Leg 4 Race 6, Day 14 15th February

I slept well last night – for a good 2 hours and was dreaming about sailing. I'd been sailing along nicely when suddenly the wind picked up and stormy weather started bouncing the boat around. It seems this was an omen, as just before we were due to go on watch, things started getting lively! We were straight up on deck putting in the first reef and then taking down the yankee 2 and hanking on the yankee 3. Back on the bow, the waves were crashing over us once more. Even though we were secured on with our safety lines the big waves regularly lifted us clean off our feet depositing us with a thud a few feet further down the deck! My watery rides were always accompanied by a shriek followed by a peel of laughter. Ridiculous situations require ridiculous behaviour and you don't get more ridiculous than this! I reminded myself that I'd paid huge amounts of my hard-earned cash to experience this. It made me laugh even harder – although that was possibly verging on hysteria! The temperature is definitely dropping. Admittedly I only had shorts on underneath my oilie trousers but a thermal t-shirt, thin long-sleeved thermal top, thin jacket and oilie jacket were only just enough to get me through the 6 hours on deck When you're busy it's fine but as soon as you sit huddled in the cockpit for any length of time the wet starts to seep in and with it the cold. I'll have to seriously review my outfit for night-watch tonight! Once again we were faced by a pitch black sky – I was half relieved that I couldn't see the 8 metre high waves as they loomed in front and to the side of us and half disappointed that I couldn't witness the enormous energy that the sea was producing and that we were harnessing and riding – albeit still with regular "slamming"! It was impossible to avoid falling off the back of some and even more impossible to tell that you were about to plough straight through the top of an enormous wave until, when on the helm, you saw a wall of water come rushing towards you down the deck past the mast. Then the dilemma – do you call the 'wave' and warn your crew mates that they are about to be engulfed but at the same time risk getting a mouth full of water – or do you keep your mouth shut (after all they are already drenched anyway) and your eyes(!) and wincing afterwards say a sheepish "sorry"?!

The scenario sounds pretty scary – and if you'd told me 2 years ago I'd be sailing through this I may have been a tad apprehensive. However there isn't much that we have done or experienced thus far that I haven't just got on and dealt with – although the Man-overboard in leg 2 and the crash with Cork at the start of leg 3 were both quite testing! We did have an issue with our mainsail last night, which made me think for a split second "I can't do this". Our main was fully reefed and all the sail area that is no longer flying is normally gathered up on the boom by the reefing lines that have been pulled tight. Last night our main slipped out of these so we had a lot of reefed sail flogging mercilessly around in the 44 knots of apparent wind that was tossing us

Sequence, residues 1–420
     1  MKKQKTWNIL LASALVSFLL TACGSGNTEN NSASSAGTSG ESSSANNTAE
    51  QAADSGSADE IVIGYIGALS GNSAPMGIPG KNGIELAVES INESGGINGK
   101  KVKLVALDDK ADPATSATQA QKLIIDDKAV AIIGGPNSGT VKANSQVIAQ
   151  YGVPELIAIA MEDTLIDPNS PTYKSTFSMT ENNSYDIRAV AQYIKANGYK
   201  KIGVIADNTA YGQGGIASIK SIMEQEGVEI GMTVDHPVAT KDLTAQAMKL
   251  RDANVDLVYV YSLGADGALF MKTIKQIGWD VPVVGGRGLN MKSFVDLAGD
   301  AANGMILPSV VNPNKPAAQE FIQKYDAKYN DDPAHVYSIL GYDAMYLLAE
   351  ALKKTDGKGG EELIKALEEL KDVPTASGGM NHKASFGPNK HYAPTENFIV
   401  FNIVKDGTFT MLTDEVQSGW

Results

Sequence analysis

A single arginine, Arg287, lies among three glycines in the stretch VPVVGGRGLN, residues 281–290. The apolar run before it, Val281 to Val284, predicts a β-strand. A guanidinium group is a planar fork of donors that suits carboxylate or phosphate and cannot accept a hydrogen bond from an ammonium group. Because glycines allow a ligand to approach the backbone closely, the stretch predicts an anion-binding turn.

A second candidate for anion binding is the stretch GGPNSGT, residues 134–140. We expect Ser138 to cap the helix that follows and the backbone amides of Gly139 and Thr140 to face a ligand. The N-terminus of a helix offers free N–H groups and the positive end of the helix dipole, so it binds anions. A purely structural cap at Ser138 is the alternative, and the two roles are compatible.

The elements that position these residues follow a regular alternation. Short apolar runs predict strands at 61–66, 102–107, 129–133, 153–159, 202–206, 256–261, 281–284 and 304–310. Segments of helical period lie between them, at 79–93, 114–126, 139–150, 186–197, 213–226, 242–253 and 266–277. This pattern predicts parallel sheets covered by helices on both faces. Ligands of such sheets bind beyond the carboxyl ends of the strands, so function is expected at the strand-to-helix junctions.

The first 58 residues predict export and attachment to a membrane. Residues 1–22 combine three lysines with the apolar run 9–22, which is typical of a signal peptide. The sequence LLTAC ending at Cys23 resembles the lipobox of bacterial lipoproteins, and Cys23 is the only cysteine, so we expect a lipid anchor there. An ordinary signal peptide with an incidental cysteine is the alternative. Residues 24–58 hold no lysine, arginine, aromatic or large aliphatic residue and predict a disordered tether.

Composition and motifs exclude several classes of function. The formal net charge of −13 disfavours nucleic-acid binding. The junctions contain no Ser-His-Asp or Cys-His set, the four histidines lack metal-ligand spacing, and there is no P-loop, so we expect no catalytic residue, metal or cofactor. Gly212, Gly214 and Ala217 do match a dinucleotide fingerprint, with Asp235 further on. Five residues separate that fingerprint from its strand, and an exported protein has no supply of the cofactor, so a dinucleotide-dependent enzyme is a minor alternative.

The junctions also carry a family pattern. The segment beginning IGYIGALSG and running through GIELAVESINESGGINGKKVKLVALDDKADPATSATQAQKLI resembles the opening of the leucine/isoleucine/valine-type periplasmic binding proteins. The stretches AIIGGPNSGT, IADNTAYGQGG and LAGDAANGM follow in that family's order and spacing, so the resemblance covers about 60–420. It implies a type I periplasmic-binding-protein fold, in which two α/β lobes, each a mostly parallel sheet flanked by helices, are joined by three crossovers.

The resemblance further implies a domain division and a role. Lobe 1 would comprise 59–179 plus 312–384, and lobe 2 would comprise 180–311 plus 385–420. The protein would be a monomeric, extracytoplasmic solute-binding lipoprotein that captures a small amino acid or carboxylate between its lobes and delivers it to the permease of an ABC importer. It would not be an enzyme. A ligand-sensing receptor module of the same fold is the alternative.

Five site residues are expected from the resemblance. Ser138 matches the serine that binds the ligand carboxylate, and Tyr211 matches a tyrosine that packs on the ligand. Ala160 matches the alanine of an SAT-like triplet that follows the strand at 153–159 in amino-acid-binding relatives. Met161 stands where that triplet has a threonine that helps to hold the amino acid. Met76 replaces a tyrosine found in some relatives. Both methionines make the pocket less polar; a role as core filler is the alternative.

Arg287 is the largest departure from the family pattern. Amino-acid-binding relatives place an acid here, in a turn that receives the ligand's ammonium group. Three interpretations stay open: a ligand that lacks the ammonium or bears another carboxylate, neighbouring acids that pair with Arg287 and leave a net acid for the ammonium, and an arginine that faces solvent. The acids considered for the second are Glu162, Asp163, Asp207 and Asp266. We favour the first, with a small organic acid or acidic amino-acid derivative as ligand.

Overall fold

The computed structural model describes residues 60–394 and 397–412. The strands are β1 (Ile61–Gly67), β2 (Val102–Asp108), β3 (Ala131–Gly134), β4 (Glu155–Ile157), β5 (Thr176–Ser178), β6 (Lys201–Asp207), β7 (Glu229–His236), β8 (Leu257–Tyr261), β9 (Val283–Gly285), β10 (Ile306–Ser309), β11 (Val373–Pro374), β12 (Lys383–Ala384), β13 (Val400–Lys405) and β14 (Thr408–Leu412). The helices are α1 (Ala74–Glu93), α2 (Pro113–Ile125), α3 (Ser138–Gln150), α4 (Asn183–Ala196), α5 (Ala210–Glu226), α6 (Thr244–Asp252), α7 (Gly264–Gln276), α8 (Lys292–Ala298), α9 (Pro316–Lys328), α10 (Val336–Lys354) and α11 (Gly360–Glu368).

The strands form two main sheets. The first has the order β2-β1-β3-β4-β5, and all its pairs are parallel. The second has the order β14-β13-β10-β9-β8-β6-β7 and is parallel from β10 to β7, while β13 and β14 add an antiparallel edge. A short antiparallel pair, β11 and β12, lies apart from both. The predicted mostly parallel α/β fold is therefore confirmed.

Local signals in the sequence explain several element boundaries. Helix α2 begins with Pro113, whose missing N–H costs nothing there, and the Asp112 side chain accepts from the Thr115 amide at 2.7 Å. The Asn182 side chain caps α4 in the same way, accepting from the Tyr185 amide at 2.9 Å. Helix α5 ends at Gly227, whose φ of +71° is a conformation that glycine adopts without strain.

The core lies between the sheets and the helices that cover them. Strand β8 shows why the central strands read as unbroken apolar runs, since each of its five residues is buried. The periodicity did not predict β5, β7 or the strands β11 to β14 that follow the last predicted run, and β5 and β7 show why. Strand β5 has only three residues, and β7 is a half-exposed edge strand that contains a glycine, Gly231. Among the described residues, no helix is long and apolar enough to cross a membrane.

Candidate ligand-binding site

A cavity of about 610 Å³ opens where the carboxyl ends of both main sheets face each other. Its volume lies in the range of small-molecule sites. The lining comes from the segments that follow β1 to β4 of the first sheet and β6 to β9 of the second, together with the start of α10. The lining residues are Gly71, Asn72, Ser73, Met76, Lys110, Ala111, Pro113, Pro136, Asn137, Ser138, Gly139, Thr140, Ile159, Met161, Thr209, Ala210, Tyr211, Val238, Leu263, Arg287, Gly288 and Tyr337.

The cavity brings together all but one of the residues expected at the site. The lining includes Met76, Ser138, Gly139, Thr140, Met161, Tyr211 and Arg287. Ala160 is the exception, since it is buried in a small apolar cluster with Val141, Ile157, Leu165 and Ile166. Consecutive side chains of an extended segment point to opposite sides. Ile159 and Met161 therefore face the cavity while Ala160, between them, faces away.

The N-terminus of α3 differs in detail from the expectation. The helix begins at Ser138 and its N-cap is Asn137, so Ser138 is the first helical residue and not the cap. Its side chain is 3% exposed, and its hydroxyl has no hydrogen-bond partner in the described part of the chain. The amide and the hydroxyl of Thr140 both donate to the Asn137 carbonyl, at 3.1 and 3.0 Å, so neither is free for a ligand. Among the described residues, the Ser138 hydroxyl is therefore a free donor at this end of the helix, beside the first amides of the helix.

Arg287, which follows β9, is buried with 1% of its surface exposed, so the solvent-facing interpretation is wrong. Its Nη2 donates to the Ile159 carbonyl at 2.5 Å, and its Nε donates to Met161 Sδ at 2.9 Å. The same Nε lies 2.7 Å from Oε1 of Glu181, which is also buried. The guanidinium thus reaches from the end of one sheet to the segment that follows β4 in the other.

around like a pancake on Shrove Tuesday. Having watched it for a while knowing that it wouldn't be doing the sail any good at all but at the same time, with the boom hanging out over the edge of the boat, not believing it was possible to do anything, we then decided we should try! This consisted of lashing a spare line around the boom and the end of the flogging sail then passing it forward and through a loop half way along our boom to gather the whole sail area up and together. I found myself being handed the end of the line which needed to go through the loop on the boom. However in order to do this I needed to stand on tiptoe towards the edge of the deck on the low side and stretch to the ends of my reach with not much to hang onto other than a flogging line and a wildly bouncing boom! I made 3 attempts just to try and locate the loop – which was still a metre away from me out along the boom. It was then that I thought "nope, not gonna happen". Yes I had my safety line on but it wasn't going to keep me on my feet or my mind from wondering "what if" followed by all sorts of dramatic scenarios?! However the second I thought "no" was the second I got up grabbed the line, clung on to whatever I could find on the boom and made a reach for the loop – at the same time shouting "will someone hang on to me for God's sake"!!! The line was rigged, the sail made safe and mission accomplished. My heart was still pounding a good 15 minutes afterwards. To some of the other guys on the boat that would have been nothing. And others just wouldn't have done it, full stop. It was the first time on this trip that I really felt like I may have reached my limit but then I went on and pushed past it all the same. I signed up for this race and was told it would test my limits. Last night it did that. I suspect it won't be the last time on this 'Challenge of Lifetime' malarky!

Meanwhile my personal little test is very obviously insignificant compared to the night the crew of Team Finland must have had. We heard this morning that at some point in the early hours their mast snapped. In this much wind all the boats would have been under a lot of stress – but then again they are designed to withstand all kinds of beatings from the elements. I don't know the details of what happened but I know it would have been pretty scary initially for the crew and then very tough work to get the boat stable and sorted once they realised what had happened. This will be a night they all will remember for a long time too.

Two boats were dis-masted in the last race so the Clipper Race team will be well on the case with sorting a repair or replacement. We will wait to see if this will mean a delayed start to the next race or not.